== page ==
Mental health suffers from a major image problem. One in every four people experiences mental health issues — yet more than 40 percent of countries worldwide have no mental health policy. Across the board it seems like we have no idea how to talk about it respectfully and responsibly. Stigma and discrimination are the two […]Continue reading
Why you should listen
Thomas Insel has seen many advances in the understanding of mental disorders since becoming the Director of the National Institute of Mental Health (NIMH) in 2002. During his tenure, major breakthroughs have been made in the areas of practical clinical trials, autism research and the role of genetics in mental illnesses.
Prior to his appointment at the NIMH, Insel was a professor of psychiatry at Emory University, studying the neurobiology of complex social behaviors. While there, he was the founding director of the NSF Center for Behavioral Neuroscience and director of the NIH-funded Center for Autism Research. He has published over 250 scientific articles and four books and has served on numerous academic, scientific, and professional committees and boards. He is a member of the Institute of Medicine, a fellow of the American College of Neuropsychopharmacology, and a recipient of the Outstanding Service Award from the U.S. Public Health Service and the 2010 La Fondation IPSEN Neuronal Plasticity Prize.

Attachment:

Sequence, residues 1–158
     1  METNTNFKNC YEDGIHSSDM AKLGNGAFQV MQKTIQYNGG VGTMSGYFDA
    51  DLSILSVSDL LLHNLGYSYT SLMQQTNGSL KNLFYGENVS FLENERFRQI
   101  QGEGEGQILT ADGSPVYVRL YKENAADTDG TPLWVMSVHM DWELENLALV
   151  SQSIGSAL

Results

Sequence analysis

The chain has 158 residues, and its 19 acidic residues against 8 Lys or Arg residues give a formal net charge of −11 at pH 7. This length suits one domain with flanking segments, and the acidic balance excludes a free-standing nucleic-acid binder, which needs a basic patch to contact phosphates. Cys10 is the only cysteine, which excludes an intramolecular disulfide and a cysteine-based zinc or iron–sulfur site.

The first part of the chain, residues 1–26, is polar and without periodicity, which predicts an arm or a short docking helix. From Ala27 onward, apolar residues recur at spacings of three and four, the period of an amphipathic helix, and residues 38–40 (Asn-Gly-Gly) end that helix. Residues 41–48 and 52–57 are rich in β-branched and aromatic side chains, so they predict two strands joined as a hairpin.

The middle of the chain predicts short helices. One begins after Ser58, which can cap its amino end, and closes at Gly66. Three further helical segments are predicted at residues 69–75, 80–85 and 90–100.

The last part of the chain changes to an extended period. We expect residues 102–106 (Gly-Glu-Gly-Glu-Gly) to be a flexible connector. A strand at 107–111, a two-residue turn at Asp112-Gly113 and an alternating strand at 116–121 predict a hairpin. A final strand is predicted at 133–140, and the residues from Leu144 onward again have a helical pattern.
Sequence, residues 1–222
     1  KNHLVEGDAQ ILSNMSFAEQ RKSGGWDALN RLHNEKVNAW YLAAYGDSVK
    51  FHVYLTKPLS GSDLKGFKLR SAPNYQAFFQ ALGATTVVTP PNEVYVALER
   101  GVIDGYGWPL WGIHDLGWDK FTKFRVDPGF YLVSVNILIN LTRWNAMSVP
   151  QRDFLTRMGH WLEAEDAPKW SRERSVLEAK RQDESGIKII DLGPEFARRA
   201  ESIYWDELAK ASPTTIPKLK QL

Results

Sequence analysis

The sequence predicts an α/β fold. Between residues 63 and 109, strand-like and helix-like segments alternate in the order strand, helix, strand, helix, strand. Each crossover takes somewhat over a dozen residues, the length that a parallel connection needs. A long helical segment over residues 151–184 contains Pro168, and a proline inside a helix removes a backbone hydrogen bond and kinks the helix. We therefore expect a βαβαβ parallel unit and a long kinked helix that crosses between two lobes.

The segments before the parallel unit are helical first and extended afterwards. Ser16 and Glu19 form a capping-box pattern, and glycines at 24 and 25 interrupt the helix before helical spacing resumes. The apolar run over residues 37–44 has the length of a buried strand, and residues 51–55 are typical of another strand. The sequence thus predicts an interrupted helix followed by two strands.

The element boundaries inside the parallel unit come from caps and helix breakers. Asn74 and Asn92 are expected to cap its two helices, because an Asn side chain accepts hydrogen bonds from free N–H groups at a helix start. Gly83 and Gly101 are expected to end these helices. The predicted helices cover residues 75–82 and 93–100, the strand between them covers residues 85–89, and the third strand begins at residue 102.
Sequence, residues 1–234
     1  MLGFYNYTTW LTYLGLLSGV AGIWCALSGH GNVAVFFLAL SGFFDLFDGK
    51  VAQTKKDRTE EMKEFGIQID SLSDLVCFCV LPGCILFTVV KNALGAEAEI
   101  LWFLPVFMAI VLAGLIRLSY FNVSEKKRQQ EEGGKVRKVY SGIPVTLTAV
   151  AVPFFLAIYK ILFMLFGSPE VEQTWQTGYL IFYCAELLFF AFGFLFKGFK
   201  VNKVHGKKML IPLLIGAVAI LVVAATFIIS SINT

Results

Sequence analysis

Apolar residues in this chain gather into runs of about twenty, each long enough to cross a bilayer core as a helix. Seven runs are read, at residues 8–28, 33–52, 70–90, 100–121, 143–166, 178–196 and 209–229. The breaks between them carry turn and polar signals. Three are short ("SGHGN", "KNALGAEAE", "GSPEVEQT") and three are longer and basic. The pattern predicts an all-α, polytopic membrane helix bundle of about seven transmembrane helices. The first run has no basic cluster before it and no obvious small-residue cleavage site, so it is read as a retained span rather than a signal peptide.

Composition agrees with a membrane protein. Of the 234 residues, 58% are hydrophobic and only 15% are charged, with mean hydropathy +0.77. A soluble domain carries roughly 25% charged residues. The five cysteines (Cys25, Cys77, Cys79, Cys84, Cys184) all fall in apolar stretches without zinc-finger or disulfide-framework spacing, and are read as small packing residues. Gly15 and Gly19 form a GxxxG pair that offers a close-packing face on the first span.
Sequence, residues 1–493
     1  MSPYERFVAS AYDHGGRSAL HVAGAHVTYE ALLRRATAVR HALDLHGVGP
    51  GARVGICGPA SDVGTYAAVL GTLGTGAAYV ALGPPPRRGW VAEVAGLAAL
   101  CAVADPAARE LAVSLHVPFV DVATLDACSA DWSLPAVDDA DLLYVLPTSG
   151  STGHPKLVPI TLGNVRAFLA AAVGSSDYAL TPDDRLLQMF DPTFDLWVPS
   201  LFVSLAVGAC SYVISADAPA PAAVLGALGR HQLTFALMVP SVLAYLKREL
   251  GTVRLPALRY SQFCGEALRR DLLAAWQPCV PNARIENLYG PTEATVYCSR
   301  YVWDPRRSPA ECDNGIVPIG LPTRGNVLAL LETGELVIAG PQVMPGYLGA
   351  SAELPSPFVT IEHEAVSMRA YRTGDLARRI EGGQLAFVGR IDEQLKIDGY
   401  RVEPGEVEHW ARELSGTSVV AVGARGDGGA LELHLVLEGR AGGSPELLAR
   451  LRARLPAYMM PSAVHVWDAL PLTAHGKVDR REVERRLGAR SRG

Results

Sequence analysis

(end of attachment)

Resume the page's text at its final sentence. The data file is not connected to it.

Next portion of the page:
Thomas Insel’s TED talk
More news and ideas from Thomas Insel
Mental health suffers from a major image problem. One in every 4 people experiences mental health issues -- yet we're not very informed when it comes to talking about the topic. Hear from mental health researchers and advocates on respectful and responsible communication.Continue reading
In the past 30 years, major advances have been made when it comes to treating several serious diseases. Today, there are 85% fewer deaths from leukemia and 63% fewer fatalities from heart disease than there were then. Meanwhile, while AIDS was once considered a death sentence, people with the disease can now live to old […]Continue reading